Productivity and motivation go hand in hand. When you’re inspired, work flows out of you like water out of a spring; when you’re uninspired, it’s like taking blood from a stone. You can’t be motivated all the time, of course, but it sure does help when you are.
What can you do when motivation is elusive? You have two options.
The first is to wait and hope it strikes, which could take weeks or months. The second is to somehow force inspiration to strike. How do you do that? By injecting a bit of freshness and novelty into your workspace. It really works! Here are some ways to do that.
1. Use Different Fonts
Fonts absolutely matter. Whether you’re working on project reports, thesis papers, short stories and novels, or programming projects, you must read onscreen text. Text is displayed with fonts. Some fonts are easier on the eyes than others, and some fonts can even read faster.
Did you know that changing fonts can inspire new motivation? If you’ve been using Arial or Times New Roman or Courier New for years, you may feel like work has grown stale. Try changing to Roboto, Georgia, or Source Code Pro. Try serif to sans-serif, or vice versa.
Such a tiny change can breathe in new life. I personally change fonts every 6-8 months, and it always helps. Seriously, every time!
2. Change Desktop Wallpapers
We all know that the paint color of walls can have subtle but real influences on our attitudes, mindsets, and psychology. Why don’t we treat our desktop wallpapers the same way? If you feel like a room is stale, you paint it something fresh. Why not give your desktop a makeover?
We have an article on boosting your productivity through desktop wallpapers, but you don’t need a “productivity wallpaper” per se. Just the simple act of switching to something new can be mentally refreshing, enough to inspire you — at least for a time. As with fonts, I change my desktop wallpaper every few months for this reason.
3. Change System Themes
You probably don’t take much notice of window borders, colors, or the Taskbar, but your mind certainly does. These things sit in your periphery and subtly influence you, much in the same way as paint on walls. The default blue of Windows 10 is pleasant, but is it best to keep it?
Again, any color is fine as long as it’s different. I went through a phase where I used the “Iris Spring” color on Windows 10, and I believe the atypical color played a huge part in my productivity during that phase. You could also try these Windows 10 dark themes or use this nifty color-changing utility for more control over what you can color in Windows 10.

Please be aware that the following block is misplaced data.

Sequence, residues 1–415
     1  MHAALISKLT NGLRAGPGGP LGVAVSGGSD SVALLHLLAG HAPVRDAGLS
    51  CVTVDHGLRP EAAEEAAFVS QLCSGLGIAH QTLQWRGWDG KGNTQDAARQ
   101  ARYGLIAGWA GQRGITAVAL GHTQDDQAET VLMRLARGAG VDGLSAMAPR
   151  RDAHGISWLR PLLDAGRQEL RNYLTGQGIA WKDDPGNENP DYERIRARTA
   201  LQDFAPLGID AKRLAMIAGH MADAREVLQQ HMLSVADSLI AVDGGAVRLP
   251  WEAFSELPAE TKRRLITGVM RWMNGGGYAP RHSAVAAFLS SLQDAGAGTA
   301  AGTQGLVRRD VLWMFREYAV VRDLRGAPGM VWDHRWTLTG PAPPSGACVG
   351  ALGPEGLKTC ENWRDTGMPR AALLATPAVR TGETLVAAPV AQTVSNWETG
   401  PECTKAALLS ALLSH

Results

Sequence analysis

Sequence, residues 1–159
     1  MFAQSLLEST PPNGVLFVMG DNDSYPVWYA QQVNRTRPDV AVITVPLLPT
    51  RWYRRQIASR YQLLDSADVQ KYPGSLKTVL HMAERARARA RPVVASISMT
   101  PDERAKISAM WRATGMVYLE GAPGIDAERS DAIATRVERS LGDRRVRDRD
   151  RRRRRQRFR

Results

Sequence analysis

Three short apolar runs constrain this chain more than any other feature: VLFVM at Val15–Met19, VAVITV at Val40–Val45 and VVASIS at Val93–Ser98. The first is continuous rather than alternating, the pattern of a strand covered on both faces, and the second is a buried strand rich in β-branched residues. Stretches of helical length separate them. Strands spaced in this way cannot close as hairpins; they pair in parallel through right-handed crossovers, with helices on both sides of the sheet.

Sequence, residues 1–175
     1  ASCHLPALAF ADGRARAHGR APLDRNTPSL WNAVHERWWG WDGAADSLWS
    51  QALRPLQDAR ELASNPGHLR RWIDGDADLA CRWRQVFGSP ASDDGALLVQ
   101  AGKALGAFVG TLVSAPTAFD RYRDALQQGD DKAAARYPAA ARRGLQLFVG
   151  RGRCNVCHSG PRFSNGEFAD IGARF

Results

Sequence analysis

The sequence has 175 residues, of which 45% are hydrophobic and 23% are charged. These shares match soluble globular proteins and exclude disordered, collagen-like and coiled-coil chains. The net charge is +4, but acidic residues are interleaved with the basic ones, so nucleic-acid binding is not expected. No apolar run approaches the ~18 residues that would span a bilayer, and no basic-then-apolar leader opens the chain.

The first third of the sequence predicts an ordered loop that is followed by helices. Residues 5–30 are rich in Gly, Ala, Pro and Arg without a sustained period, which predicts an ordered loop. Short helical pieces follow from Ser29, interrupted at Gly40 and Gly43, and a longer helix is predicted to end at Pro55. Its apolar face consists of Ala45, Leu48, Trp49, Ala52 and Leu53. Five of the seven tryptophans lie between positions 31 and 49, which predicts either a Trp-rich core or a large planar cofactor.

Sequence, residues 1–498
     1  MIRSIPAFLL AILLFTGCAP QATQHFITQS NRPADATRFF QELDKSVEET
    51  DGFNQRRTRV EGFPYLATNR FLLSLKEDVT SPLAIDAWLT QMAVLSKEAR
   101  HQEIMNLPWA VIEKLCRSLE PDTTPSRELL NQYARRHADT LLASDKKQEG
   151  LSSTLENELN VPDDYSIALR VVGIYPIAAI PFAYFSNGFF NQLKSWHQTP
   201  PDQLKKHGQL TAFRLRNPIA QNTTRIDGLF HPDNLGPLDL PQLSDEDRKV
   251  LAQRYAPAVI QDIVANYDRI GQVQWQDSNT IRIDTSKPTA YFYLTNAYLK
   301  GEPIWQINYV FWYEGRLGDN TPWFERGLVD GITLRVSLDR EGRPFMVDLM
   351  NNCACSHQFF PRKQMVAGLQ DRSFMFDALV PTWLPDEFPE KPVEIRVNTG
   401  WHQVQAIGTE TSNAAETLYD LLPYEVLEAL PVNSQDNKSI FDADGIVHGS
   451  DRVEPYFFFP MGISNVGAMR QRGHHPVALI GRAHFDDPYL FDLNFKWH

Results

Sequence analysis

4. Clean Up Your Desk
Have you heard of cognitive clutter? The act of seeing or hearing clutter, even only in our periphery, requires our brains to continually process that visual and audio information. This subconscious processing adds to cognitive load and consumes brain energy. Even so-called harmless clutter can speed up mental fatigue.
You can learn more in our article on why clutter is really bad for you. Fortunately, addressing it is relatively easy: clean your desk! Not just what’s on it, but everything around it and below it — including messy computer cables. Going completely wireless would be ideal, but if you can’t, we have some tips on concealing cable clutter.
5. Rearrange Your Desk
Once your desk is clean and decluttered, you may want to consider shifting things around. Some things have to stay put of course, such as computer monitors, keyboards, and mice. But anything else that can be moved around should be moved around.
Is your computer tower on your desk? Move it to the other side, or move it to the ground. Got photos of your family? Shift them around or hang them on a wall. Relocate paper inboxes, desk organizers, printers, etc. Something as simple as this can stave off that feeling of “same old, same old” that creeps up on you after a while.
6. Move Your Desk
Not everyone can do this, but if you can, I highly recommend it: move your desk to a spot with as much natural light as possible (i.e. sunlight). Humans thrive much more in natural light environments than artificial light environments. Find a window and relocate.
Furthermore, aim for a spot that minimizes distractions. The ideal spot is a comfortable (i.e. neither too small nor too large) room where you can be alone and is solely dedicated to work. You enter, you work, and you leave when you need breaks or when you’re done for the day.